North American, Evangelical Christianity, has seen growing pockets of conversation in the last five years or so about how Christians should face issues of poverty and injustice. I’ve seen the conversation going on in megachurch circles, emerging church circles, house church circles, and everywhere in between. The Hole in Our Gospel, by Richard Stearns, the CEO of World Vision, has served to pull all of these conversations together, uniting the topic into the mainstream. Why do I say so? Because it’s been awarded the 2010 Christian Book of the Year.
Upon cracking the cover for the first time, I was anticipating a book written as a theological argument explaining how North American, Evagelical Christianity must restore Jesus’ emphasis on concern for those in the margins. And I suppose it was that, but not quite like I expected.
Much of the book reads like a memoir, as Richard Stearns describes his journey from the life of a comfortable CEO raising his family in a comfortable suburban life and attending a church that made them…comfortable. The call to become the CEO of World Vision turned that upside down. And so his theology does come through, not in the form of an argument, but in the form of his narrative. And because this is his own story, he writes with great humility and in a way that does set someone like me on the defensive, but causes me to identify with him — both in seeing my own apathy and in my longing to engage more in these issues. The latter half of the book remains deeply personal to the author, but shifts from his own story to solutions, as he shares what how individuals and churches might respond.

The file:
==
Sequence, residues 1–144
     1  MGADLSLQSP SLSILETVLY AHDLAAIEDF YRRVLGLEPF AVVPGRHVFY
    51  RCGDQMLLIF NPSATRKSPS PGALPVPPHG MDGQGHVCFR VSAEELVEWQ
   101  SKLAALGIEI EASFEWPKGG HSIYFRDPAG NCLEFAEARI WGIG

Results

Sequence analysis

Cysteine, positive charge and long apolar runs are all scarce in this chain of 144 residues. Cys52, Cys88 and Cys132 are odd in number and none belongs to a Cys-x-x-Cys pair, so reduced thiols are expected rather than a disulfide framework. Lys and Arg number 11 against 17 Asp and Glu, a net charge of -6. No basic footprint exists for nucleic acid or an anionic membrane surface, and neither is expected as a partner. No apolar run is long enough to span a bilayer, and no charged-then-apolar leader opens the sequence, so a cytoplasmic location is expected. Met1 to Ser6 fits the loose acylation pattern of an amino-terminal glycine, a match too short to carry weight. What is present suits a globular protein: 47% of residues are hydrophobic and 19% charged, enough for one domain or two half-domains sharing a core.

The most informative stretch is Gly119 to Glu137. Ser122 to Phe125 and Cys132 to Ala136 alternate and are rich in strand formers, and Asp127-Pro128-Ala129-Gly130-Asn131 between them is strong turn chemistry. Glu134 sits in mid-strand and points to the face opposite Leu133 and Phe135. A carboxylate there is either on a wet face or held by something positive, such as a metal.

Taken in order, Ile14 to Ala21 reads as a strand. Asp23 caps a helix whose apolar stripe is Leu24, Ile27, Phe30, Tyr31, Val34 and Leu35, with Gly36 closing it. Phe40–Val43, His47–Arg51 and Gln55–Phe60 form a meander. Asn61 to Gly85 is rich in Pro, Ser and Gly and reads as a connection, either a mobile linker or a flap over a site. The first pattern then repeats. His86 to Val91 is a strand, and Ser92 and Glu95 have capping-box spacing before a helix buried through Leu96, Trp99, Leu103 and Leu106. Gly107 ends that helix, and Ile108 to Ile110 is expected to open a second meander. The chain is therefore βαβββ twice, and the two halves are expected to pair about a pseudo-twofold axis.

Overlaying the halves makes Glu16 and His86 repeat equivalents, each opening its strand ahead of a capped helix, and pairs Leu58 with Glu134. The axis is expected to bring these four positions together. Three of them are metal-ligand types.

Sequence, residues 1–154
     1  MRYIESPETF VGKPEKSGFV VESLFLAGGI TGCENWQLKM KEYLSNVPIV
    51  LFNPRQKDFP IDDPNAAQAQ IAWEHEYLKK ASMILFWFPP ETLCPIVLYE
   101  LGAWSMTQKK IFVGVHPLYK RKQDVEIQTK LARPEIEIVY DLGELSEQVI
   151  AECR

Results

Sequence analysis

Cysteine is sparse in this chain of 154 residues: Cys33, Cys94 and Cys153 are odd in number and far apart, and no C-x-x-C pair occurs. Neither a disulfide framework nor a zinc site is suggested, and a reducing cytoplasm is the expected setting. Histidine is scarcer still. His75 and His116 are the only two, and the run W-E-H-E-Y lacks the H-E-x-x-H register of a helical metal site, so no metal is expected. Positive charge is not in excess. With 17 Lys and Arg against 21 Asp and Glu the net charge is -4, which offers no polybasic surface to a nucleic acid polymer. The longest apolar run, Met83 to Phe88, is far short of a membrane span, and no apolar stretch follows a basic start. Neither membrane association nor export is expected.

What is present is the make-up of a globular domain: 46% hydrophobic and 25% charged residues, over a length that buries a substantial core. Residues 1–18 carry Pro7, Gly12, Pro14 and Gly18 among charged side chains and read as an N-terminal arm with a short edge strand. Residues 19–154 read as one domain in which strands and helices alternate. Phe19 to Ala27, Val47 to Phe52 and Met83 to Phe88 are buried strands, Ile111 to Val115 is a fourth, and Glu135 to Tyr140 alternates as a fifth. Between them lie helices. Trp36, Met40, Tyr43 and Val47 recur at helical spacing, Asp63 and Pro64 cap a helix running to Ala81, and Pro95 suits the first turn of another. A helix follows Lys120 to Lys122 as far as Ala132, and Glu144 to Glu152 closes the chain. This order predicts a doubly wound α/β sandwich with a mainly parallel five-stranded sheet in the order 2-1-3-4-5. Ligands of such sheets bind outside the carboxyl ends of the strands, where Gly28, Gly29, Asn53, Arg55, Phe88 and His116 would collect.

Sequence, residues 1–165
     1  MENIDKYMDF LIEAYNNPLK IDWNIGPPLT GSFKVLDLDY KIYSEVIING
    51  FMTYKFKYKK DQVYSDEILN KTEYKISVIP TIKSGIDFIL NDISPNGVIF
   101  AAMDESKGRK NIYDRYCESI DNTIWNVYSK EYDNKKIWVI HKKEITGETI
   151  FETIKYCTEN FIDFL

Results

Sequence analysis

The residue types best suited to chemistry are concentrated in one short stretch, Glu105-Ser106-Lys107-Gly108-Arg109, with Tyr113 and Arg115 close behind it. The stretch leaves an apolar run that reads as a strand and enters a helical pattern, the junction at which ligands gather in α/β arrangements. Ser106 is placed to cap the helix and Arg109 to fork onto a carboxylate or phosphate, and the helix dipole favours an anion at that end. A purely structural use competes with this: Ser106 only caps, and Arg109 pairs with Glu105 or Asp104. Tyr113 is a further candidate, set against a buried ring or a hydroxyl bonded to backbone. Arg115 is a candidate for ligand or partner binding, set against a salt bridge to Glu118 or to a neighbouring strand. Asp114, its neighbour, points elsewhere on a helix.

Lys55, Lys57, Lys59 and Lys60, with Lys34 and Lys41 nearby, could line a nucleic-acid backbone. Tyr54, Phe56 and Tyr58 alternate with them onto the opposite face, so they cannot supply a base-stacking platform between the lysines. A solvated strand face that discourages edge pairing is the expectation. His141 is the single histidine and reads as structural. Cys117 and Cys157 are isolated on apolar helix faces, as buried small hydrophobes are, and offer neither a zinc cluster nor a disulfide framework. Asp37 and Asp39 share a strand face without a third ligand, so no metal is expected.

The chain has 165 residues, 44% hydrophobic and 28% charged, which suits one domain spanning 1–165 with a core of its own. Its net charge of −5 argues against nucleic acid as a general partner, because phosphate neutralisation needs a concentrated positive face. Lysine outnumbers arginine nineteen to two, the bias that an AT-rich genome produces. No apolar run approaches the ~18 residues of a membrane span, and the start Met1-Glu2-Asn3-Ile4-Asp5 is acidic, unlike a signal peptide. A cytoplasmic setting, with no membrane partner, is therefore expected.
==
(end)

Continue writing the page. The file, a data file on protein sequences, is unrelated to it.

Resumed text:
Disclosure of Material Connection: I received this book free from the publisher. I was not required to write a positive review. The opinions I have expressed are my own. I am disclosing this in accordance with the Federal Trade Commission’s 16 CFR, Part 255: “Guides Concerning the Use of Endorsements and Testimonials in Advertising.”